Toronto voters look elsewhere besides Ford
TORONTO (AP) — Enough with the crack smoking, public drunkenness and outrageous behavior. After four years in which City Hall has sometimes been as entertaining as a circus sideshow, Toronto residents appear eager for something altogether different in their mayor: DULL.
Voters head to the polls Monday to elect a successor to Rob Ford, who announced last month that he would not seek re-election as he battles a rare and difficult form of cancer. His brother, city councilor Doug Ford, is running in his place but is widely expected to lose to John Tory, a wealthy, straight-laced moderate conservative who stands in contrast to the pugnacious, populist Ford brothers.
Analysts say Olivia Chow, a leftist candidate and the widow of late popular Canadian politician Jack Layton, seems to have lost momentum as a candidate as people look to vote strategically to ensure Doug Ford doesn’t win.
City Councilor Jaye Robinson, a one-time Ford ally who is now supporting Tory, said folks just want to make sure a Ford isn’t mayor.
“People are literally counting down. Every door I go to, they are counting down. They are feeling that this is going to be transformative moment in our city where we right the ship, we focus on city building and we leave the sideshow, the circus, the distractions behind,” Robinson said. If Tory wins, she said, “there will be a collective sigh of relief across the entire city.”
A record 161,147 people turned out for early voting this month, more than double the number in the last election, in 2010. Among them was Kaye Wilkinson, a retiree who lives in Etobicoke, the middle-class western Toronto suburb that is home to the Ford family.
“We have to get rid of the Fords. I don’t care who is running,” Wilkinson said. “The top runner, we don’t care what their policies are, but we wanted to make sure we got rid of the Fords.”
Marianne Davis, 62, a retired principal who lives in Etobicoke, also voted early.
“I’m tired of all the shenanigans that have been going on at City Hall so I voted for Tory,” Davis said. “I get tired of traveling and people asking me about my mayor.”
Ford’s tenure as mayor of Canada’s largest city was marred by his drinking problems and illegal drug use. He was repeatedly videotaped and photographed while intoxicated in public.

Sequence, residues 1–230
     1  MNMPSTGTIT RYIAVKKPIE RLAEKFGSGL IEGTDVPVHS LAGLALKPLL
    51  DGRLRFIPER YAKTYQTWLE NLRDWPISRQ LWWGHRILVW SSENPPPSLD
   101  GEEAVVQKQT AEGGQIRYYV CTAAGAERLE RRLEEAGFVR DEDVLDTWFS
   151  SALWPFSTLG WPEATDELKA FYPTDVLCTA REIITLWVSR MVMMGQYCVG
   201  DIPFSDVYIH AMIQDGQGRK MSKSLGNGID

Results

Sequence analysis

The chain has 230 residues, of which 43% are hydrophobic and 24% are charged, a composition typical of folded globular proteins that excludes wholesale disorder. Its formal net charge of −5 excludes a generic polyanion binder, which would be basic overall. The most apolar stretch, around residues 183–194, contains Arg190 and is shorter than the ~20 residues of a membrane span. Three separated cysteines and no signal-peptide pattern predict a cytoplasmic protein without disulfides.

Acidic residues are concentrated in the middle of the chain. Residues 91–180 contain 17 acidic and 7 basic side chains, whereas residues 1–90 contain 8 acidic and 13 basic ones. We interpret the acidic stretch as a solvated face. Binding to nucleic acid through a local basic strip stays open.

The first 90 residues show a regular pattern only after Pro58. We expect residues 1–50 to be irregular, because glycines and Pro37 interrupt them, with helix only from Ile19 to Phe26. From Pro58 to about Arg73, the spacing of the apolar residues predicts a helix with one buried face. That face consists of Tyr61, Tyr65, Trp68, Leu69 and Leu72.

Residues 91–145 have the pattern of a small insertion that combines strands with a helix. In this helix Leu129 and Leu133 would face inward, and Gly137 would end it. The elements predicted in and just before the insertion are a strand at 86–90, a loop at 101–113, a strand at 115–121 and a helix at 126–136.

After months of denials, the mayor in 2013 acknowledged he had smoked crack cocaine in one of his “drunken stupors,” but he refused to resign. The City Council stripped Ford of most of his powers but lacked the authority to force him out of office because he wasn’t convicted of a crime.
Ford’s antics made him the target of late-night television comedians in the U.S. Last March, he appeared on “Jimmy Kimmel Live!” after months of wooing by the talk-show host, who introduced his guest by saying he “has tripped, bumped, danced, argued and smoked his way into our national consciousness.”
Robinson said it’s hard to pick just one low light of the last four years because “it didn’t even seem like it was weekly. It felt like it was hourly. It was just unbelievable.”
Ford announced he was entering rehab for drugs and alcohol in April 2014 after newspaper reports detailed three nights in which the mayor was extremely intoxicated. One report was about a video that appeared to show him smoking a crack pipe again — nearly a year after reports of a similar video first brought international attention.
When Ford was elected mayor in 2010, his drug and alcohol use weren’t known — but his bluster was. A plurality of voters backed him, eager to shake things up at a City Hall they viewed as elitist and wasteful. Ford’s voter base resided mainly in those outer suburbs like Etobicoke. He appealed to those residents with his populist, common man touch and with promises to slash spending, cut taxes and end what he called “the war on the car.”
He first won as mayor by promising to “stop the gravy train” of government spending. But Toronto got more turmoil than expected.
“We had no idea he was such a personal mess that he’s turned out to be,” Councilor John Parker said.
Despite the cancer, Ford has opted to seek the City Council seat from the Etobicoke district where he launched his political career. His brother now holds the seat.
Nelson Wiseman, a University of Toronto political science professor, said Tory is all but assured of winning. He compared the Ford brothers to right-wing populist American Tea Party-type candidates.
“Toronto will go back to being more placid, more boring, more consistent with the stereotypical image that Americans have of Canadians,” Wiseman said.
Tory, 60, is a former chief executive of Rogers Communications, a major cable company in Canada, and a longtime moderate conservative politician and adviser. He also served as commissioner of the Canadian Football League and more recently hosted a radio talk show. He ran for mayor in 2003 and lost.
Josh Matlow, a centrist on the City Council, said there will be celebrations across the city if Tory is elected this time.
“If we keep a Ford in the mayor’s seat,” Matlow said, “the world will think not only was our mayor on crack — so was the rest of the city.”
Associated Press writer Charmaine Noronha contributed to this report.